Simply put, the problem with the housing market right now, not the problem for investors or banks but the problem for the people living in the homes, is that it has become more lucrative for many servicers to foreclose on the property than to work out a modification. That changes all of the incentives around housing, and makes fraud attractive. That the system was swamped with calls for modifications after pushing people into loans that they couldn’t afford when they recast makes fraud all the more attractive. Foreclosure pays in particular for servicers who don’t also own the loan: for them, they’d rather pay a foreclosure mill a flat rate to process the homes rather than pay more staff to do person-to-person modifications and all the things that go with that: verification of income, negotiation, etc. This happens to be, in most cases, the mega-servicers who are owned by the big banks.
And foreclosure not only pays for servicers, it really pays off for the foreclosure mill law firms, who can process this stuff at a rapid pace and, until the revelations, get judgments with virtually no opposition. And lo and behold, Wall Street private equity firms are behind the foreclosure mills in some cases. The lawsuit on behalf of homeowners claims that Great Hill Partners, a private equity firm, has benefited from what the lawsuit calls an illegal fee-splitting arrangement between Prommis Solutions and several of the busiest foreclosure law firms it controls. Great Hills is the biggest stakeholder in Prommis, a company that acts as a middleman between mortgage servicers and law firms. A lawyer for Prommis rejected that claim, and officials of Great Hill Partners did not respond to inquiries. But a review of public filings, company news releases and other public statements shows that several private equity firms or entities they control have stakes in the business operations of some of the busiest foreclosure law firms in New York, California, Connecticut, Florida, Georgia and Texas. Cue the line about Wall Street sticking its blood funnel into anything that makes money. Prommis Solutions adds nothing of value but is just a go-between for the servicers and the foreclosure mills. They just skim off the top. And their profit margins are likely pretty low, and so they encourage cost-cutting measures:
Tom Miller, the Iowa attorney general who is heading up the task force investigating questionable document practices, said he was not aware that private equity firms had acquired some foreclosure-related operations. While there is no law against such purchases, Mr. Miller said the issue could prove significant because it expanded the possibilities of where and how the foreclosure system failed.
“If this is happening, this is something we are concerned about and would want to find out more about it,” Mr. Miller said in a telephone interview.
Miller, incidentally, is heading up the 50-state AG investigation into foreclosure practices.
This isn’t a new problem. It’s been the standard practice of at least some of the industry since 2007, if not sooner. Somewhere along the line, servicers figured out they could make more money on foreclosure than modification. And they decided to bend the rule of law to make that process even more lucrative.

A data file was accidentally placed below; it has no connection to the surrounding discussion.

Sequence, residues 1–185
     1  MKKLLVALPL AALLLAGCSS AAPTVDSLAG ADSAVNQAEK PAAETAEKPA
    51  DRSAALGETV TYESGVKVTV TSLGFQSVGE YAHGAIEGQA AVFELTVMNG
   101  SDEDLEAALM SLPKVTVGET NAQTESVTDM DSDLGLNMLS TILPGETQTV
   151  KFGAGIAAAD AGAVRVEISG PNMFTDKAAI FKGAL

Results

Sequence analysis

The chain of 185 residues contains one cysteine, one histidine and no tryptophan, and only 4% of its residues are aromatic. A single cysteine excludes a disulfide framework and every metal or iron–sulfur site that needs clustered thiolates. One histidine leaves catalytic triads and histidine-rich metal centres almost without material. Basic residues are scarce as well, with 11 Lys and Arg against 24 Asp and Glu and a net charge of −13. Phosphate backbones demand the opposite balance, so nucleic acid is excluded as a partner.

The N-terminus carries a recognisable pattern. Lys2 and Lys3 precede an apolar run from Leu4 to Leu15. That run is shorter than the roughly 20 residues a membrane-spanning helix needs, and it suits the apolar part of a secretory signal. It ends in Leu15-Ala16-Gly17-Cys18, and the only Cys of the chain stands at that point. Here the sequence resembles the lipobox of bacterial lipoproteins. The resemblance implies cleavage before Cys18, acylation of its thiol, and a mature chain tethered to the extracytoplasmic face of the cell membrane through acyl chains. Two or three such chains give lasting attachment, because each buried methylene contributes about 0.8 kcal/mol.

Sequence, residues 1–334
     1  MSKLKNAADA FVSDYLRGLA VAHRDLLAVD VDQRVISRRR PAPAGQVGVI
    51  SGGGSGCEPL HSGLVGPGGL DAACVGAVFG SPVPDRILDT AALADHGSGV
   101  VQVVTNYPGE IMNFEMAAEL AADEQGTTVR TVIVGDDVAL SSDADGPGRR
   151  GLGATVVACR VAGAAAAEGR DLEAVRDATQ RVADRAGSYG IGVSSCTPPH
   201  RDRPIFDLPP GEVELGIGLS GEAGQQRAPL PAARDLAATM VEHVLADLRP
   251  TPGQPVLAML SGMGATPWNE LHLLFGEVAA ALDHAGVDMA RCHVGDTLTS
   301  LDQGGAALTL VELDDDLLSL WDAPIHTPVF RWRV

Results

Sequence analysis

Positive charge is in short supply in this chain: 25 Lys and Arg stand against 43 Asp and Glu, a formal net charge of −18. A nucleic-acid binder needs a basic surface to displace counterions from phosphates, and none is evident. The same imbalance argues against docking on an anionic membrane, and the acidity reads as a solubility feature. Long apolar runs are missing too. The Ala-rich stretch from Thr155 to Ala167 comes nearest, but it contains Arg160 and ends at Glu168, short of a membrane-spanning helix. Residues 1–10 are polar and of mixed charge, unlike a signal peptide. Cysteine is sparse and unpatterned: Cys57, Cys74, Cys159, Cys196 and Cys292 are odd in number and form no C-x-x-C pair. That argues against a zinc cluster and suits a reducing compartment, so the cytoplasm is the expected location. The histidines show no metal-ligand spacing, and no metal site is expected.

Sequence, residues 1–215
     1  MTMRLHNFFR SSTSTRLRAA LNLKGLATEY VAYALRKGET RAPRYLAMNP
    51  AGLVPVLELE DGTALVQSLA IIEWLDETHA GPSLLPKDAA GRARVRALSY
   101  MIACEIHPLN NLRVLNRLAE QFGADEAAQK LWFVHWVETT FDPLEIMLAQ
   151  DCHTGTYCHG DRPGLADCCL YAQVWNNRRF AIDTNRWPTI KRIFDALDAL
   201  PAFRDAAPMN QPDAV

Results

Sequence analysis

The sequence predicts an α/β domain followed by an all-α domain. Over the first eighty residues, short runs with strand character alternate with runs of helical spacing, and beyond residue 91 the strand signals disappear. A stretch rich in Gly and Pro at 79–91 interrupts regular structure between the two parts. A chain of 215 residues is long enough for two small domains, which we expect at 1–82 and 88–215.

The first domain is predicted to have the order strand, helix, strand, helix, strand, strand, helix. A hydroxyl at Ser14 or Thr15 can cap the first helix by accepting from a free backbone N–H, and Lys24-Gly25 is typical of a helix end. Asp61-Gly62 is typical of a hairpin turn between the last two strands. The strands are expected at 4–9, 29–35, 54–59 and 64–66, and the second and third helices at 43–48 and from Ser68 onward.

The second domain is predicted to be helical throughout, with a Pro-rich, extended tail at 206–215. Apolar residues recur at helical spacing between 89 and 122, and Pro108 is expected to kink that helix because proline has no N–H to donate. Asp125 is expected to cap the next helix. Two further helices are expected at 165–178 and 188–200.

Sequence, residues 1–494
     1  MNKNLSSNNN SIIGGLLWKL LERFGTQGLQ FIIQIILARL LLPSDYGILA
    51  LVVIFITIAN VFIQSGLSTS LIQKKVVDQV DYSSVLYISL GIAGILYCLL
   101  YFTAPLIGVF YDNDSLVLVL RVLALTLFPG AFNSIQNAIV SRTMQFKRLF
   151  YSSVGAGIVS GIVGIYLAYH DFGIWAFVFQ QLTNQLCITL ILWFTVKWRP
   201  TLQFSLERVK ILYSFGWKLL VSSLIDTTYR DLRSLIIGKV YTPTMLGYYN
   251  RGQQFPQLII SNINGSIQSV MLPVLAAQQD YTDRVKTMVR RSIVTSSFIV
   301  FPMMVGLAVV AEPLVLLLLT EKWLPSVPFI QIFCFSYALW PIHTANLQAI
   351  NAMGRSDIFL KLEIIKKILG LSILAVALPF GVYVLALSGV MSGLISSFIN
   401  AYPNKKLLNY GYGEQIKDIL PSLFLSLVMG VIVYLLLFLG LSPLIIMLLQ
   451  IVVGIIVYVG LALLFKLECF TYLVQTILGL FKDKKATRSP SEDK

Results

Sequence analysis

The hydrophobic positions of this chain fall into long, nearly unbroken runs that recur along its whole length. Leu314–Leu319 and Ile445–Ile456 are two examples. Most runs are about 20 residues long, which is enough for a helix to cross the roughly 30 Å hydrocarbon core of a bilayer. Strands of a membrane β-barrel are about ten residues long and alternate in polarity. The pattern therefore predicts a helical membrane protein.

We can do something about this. Foreclosures need to go back to their traditional position – as a last resort when all other options have been exhausted. This is a short-sighted run at profits by the servicers, with very damaging long-term effects for the economy. Government has a responsibility, if they want to promote the general welfare as well as economic growth, to end this rush to judgment in the foreclosure process. All they would be doing is enforcing current law. There are mandatory loss mitigation standards in many parts of the market, like FHA loans, which the servicers are simply ignoring. John Taylor of the NCRC puts it best:
EK: The property-value issue doesn’t get enough attention, I think. But in a new paper, Third Way argues it cuts in the other direction: Removing foreclosures from the equation makes it easier for people to strategically default, as they won’t get kicked out. That will lead to more defaults and thus lower property values.
JT: Bring me a live body. Where are these people waiting to jump into foreclosure? People are in foreclosure because they have no choice. There isn’t a group waiting to pounce on the foreclosure process [...]
We’re not out of the woods with this economy. We’re deep in the jungle. We’re still looking at twice as many foreclosures as we’ve already experienced, and if unemployment gets worse, those numbers will go higher. Unless this situation gets managed, properly, we’re going to continue to have foreclosures dragging down our economy. Things may be going well on Wall Street, but it’s really not going well on Main Street. If people think we’ve gotten through this, they’re really misguided.
This is beyond just the robo-signing and the paperwork. This is a continuing continuum of bad practices and fraudulent lending that got us into this situation. And yes, some of those institutions that did the worst of it are gone, but other institutions have purchased them — and that means they purchased their responsibilities, too. These homeowners were thinking that the bank wouldn’t be making them a loan if they couldn’t pay it back. They were told interest rates were going down, that they could do this, and they believed it. The responsibility began with the lenders, and it still lies with them. Dodd-Frank actually had to legislate that you can’t make a loan to anyone who doesn’t have the ability to pay. The fact that we had to legislate that tells you how far our financial-services sector fell.
And the only real way out of this is with a mass modification program.